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The Wall Street Journal reports that GrubHub, the food delivery service, "is considering strategic options including a possible sale amid increased competition and a recent decline in its shares." The story notes that the company is worth about $5 billion, down from $13 billion about a year ago.

One company said to be interested: Walmart, identified by Seeking Alpha as being the subject of enough trade chatter to make it worth noting.

The New York Post advances the story this way - reporting that in addition to Walmart, "Kroger, Albertsons and Ahold-Delhaize … have been reviewing how buying the Chicago company could help them with food delivery and groceries."

But it also notes that GrubHub is denying that it is for sale.

The Journal writes that "competition in the nascent food-delivery industry, which ferries takeout orders from restaurants to homes and businesses, has intensified as newcomers try to lure customers and grab market share with discounts and promotions. At the same time, restaurants are pushing back against the fees delivery companies charge, squeezing Grubhub and its competitors. Investors and analysts have said the industry needs consolidation, with many seeing room for little more than two major players."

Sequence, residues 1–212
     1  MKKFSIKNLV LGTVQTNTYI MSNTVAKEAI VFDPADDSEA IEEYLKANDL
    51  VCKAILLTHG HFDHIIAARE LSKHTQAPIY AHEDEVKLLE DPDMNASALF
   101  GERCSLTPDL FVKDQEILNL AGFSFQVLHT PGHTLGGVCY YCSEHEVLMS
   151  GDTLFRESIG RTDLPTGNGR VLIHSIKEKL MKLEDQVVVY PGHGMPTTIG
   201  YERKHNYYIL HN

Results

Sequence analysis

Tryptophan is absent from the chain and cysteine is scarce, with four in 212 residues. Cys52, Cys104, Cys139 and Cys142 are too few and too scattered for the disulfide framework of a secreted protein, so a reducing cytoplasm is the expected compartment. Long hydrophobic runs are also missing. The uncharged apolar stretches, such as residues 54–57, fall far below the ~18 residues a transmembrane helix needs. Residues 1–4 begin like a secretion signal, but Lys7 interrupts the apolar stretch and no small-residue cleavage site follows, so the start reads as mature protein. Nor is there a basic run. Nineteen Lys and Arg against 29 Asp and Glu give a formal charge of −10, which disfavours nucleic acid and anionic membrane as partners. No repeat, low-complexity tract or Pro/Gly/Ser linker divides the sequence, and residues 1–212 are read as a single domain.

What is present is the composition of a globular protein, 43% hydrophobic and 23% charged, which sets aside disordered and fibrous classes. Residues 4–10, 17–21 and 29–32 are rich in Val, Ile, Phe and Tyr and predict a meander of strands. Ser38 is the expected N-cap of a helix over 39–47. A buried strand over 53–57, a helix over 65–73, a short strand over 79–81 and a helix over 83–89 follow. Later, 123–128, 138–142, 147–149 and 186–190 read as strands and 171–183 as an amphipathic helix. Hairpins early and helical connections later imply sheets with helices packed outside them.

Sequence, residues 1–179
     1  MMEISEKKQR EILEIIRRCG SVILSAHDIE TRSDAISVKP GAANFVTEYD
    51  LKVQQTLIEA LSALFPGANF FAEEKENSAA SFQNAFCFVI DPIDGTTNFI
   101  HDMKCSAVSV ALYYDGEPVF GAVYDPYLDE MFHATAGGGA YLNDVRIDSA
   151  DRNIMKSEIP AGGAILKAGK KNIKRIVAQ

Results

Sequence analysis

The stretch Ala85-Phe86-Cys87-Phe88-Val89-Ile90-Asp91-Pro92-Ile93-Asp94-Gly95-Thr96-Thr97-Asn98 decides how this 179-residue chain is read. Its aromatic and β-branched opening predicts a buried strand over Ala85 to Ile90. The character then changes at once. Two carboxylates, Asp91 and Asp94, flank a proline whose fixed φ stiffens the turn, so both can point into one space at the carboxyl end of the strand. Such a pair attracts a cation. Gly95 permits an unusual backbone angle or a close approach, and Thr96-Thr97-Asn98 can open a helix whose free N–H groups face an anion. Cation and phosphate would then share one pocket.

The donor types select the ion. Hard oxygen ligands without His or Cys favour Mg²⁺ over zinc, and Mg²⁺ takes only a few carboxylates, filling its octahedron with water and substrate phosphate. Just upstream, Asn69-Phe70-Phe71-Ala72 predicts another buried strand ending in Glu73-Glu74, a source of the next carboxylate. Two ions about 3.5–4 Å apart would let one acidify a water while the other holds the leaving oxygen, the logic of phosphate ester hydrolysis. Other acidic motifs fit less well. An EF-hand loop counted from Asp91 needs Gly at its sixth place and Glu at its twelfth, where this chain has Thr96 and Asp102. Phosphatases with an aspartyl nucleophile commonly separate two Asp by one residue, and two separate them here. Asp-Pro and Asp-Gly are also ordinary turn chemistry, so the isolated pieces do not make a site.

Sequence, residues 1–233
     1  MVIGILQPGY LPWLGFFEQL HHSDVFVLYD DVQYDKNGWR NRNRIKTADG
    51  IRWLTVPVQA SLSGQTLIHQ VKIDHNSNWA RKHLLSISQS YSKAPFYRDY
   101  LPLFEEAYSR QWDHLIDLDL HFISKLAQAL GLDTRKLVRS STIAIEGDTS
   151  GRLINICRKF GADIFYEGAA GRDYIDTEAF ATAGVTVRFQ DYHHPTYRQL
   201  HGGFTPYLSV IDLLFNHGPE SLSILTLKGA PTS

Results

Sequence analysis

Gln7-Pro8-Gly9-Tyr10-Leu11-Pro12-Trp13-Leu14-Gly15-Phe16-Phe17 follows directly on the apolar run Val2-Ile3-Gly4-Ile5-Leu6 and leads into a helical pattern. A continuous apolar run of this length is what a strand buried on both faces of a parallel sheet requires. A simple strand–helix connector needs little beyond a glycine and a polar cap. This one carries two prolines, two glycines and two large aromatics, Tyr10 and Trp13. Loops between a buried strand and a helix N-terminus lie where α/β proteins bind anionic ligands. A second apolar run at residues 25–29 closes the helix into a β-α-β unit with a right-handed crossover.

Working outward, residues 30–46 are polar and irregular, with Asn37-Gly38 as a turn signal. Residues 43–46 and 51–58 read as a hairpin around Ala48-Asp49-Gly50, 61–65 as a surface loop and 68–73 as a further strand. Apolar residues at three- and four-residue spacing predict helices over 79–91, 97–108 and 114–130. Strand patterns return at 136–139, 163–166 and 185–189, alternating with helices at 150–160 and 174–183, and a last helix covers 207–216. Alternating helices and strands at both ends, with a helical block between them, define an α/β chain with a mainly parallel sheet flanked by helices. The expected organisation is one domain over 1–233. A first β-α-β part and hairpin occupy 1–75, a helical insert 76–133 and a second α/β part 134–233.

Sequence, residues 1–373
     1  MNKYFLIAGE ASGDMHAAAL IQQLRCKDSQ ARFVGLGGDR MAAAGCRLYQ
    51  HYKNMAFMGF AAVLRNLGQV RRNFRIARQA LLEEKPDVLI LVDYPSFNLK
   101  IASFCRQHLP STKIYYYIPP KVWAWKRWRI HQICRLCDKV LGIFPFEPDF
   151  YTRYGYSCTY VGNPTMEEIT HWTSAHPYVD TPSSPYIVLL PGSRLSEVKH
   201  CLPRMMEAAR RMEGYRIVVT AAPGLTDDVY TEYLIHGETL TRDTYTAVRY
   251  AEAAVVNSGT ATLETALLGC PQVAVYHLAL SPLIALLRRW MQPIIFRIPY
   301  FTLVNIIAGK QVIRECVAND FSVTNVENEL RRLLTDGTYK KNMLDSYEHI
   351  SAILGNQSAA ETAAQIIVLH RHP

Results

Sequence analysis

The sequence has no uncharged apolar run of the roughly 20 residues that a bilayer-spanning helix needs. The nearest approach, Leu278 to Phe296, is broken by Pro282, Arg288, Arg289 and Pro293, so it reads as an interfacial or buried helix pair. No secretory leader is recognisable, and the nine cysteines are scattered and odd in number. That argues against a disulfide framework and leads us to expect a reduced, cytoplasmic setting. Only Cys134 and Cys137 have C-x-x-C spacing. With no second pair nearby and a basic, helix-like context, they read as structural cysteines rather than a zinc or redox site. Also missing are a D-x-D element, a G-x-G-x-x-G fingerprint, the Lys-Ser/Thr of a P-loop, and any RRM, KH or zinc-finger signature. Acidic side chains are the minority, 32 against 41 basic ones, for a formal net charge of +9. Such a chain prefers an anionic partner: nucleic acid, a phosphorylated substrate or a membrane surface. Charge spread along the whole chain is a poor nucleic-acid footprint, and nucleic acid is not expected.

Among the other players in the space - DoorDash (which has the largest market share, at about 37 percent), Postmates and Uber Eats.
KC's View:
Whether or not GrubHub is formally for sale, the notion of a food delivery service being bought by a major retailer is an intriguing one, since it would allow that retailer to own its delivery functionality to a greater extent than it does now.

I would applaud that, because it would move that retailer away from the Instacart model, in which all this stuff is just outsourced.